Requirement to accept cash proposed by Reserve Bank

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The Reserve Bank of New Zealand s seeking feedback on issues facing the cash system and options to keep Aotearoa’s cash system ‘fit for purpose’.

Options include consolidating public and private cash sector functions into one or more public utilities, banks paying merchants that provide cash out services on their behalf, requiring some merchants and government agencies to accept cash, and requiring banks to provide cash services.

“Today’s issues paper, ‘Future of Money – Cash System Redesign’ reinforces our commitment to keeping cash available for as long as it is needed,” says RBNZ Assistant Governor Christian Hawkesby.

“We’re wanting input to develop the right set of policies to ensure the cash system is resilient and efficient in the face of changes in use and availability. We hope the option set presented today prompts discussion and debate, and identifies gaps or refinements.

“Falling cash use for everyday needs and the retreat from cash services by banks and retailers threaten financial and social inclusion for some, and have the potential to undermine the important role cash provides under-pinning confidence in private money in bank accounts.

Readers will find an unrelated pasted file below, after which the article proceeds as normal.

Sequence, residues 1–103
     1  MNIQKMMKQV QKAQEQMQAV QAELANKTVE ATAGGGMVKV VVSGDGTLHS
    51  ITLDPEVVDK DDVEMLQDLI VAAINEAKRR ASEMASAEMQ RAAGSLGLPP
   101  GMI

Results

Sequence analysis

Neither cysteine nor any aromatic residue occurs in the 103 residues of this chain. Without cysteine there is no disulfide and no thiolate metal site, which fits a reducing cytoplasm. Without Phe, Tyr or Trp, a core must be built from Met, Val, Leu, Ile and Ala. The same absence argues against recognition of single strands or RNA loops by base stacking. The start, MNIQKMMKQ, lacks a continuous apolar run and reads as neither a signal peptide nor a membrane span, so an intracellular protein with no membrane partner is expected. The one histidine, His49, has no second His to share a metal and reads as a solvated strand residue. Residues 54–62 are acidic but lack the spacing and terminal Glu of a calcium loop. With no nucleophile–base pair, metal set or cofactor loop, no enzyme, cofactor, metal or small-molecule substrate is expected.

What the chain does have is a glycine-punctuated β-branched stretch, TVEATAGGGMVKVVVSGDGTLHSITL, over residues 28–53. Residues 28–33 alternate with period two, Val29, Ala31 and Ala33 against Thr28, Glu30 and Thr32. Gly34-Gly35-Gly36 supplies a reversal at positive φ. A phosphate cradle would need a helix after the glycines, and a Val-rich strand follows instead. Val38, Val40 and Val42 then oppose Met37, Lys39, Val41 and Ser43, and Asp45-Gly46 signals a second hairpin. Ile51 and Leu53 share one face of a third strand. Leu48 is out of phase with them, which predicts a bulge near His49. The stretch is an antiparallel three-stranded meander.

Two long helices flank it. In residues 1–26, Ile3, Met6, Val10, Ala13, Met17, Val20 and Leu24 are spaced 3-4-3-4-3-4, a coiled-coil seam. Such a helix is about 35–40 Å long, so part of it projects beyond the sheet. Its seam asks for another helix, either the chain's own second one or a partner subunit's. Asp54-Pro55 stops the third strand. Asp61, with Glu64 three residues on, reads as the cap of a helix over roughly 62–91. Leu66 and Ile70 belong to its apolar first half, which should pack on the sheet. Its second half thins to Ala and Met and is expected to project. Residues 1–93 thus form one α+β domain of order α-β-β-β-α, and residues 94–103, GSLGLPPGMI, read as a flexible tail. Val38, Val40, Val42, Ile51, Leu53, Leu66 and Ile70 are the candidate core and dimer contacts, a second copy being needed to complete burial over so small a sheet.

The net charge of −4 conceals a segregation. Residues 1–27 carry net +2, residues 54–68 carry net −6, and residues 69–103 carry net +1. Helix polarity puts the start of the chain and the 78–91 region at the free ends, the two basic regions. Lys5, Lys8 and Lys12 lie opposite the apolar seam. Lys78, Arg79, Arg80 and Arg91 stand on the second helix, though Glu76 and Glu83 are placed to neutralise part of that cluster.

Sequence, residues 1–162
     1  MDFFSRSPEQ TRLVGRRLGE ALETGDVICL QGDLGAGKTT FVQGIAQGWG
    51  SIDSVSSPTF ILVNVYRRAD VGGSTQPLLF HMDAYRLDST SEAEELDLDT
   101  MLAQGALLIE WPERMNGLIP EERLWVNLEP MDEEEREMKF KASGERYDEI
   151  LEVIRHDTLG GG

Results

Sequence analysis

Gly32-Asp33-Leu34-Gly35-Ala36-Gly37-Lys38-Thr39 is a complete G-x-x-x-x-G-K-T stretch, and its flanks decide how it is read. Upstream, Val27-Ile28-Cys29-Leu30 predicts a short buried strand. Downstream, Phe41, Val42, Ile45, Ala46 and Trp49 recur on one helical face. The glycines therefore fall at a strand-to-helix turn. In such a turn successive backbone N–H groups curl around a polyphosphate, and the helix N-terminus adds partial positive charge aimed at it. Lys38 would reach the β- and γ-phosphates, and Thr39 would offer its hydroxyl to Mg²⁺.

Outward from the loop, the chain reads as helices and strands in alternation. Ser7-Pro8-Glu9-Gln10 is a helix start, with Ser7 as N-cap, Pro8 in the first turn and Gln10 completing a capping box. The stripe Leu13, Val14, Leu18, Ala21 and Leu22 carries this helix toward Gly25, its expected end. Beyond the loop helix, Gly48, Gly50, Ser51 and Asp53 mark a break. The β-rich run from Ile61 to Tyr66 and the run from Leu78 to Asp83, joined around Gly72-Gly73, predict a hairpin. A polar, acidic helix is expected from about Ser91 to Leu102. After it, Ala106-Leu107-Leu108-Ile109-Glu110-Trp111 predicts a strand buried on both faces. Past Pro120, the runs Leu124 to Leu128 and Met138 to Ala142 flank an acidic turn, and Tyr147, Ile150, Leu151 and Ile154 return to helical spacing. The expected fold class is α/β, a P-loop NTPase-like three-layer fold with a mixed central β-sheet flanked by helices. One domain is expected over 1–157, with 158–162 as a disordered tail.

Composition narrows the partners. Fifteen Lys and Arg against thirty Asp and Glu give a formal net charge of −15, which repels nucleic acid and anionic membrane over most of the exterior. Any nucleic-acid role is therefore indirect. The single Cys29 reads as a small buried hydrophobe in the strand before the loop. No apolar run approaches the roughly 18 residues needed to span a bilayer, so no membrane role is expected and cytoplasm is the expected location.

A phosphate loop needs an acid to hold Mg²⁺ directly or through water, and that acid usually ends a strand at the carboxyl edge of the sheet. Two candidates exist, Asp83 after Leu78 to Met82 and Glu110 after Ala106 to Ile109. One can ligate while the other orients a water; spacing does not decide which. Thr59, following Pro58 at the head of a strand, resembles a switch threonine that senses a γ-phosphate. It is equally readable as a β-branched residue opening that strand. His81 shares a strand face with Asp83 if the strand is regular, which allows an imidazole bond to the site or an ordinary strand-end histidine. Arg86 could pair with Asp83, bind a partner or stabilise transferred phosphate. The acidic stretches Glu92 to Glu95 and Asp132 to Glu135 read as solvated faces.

“We call this acting as a value anchor. In times of uncertainty, people seek the security of cash – knowing money can be withdrawn from bank accounts into cash provides confidence that money in bank accounts is safe too.”

The Reserve Bank’s consultation outlines a range of external drivers facing the cash system that will lead to significant resilience issues for the cash system if left unchecked. It sets out 16 possible policy responses that could help deliver a fit for purpose cash system and 8 policies that could operate as a coherent ‘bundle’ to appropriately shape incentives and address the Reserve Bank’s objectives.

Future of Money – Cash System Redesign joins issues papers published two months ago (30 September 2021) setting out key concepts feeding into today’s paper, the Reserve Bank’s plans to steward money and cash, and discussing the potential for a Central Bank Digital Currency to be issued along with cash. Submissions close on Monday (6 December 2021) for these. Consultation on today’s issues paper closes on Monday, 7 March 2022.

Hawkesby says the Reserve Bank plans to release a summary of submissions received on all three papers and an indication of next steps before the end of April 2022. “We will firm up proposals up next year following the feedback we’re inviting now and then consult further before making final decisions,” he says.

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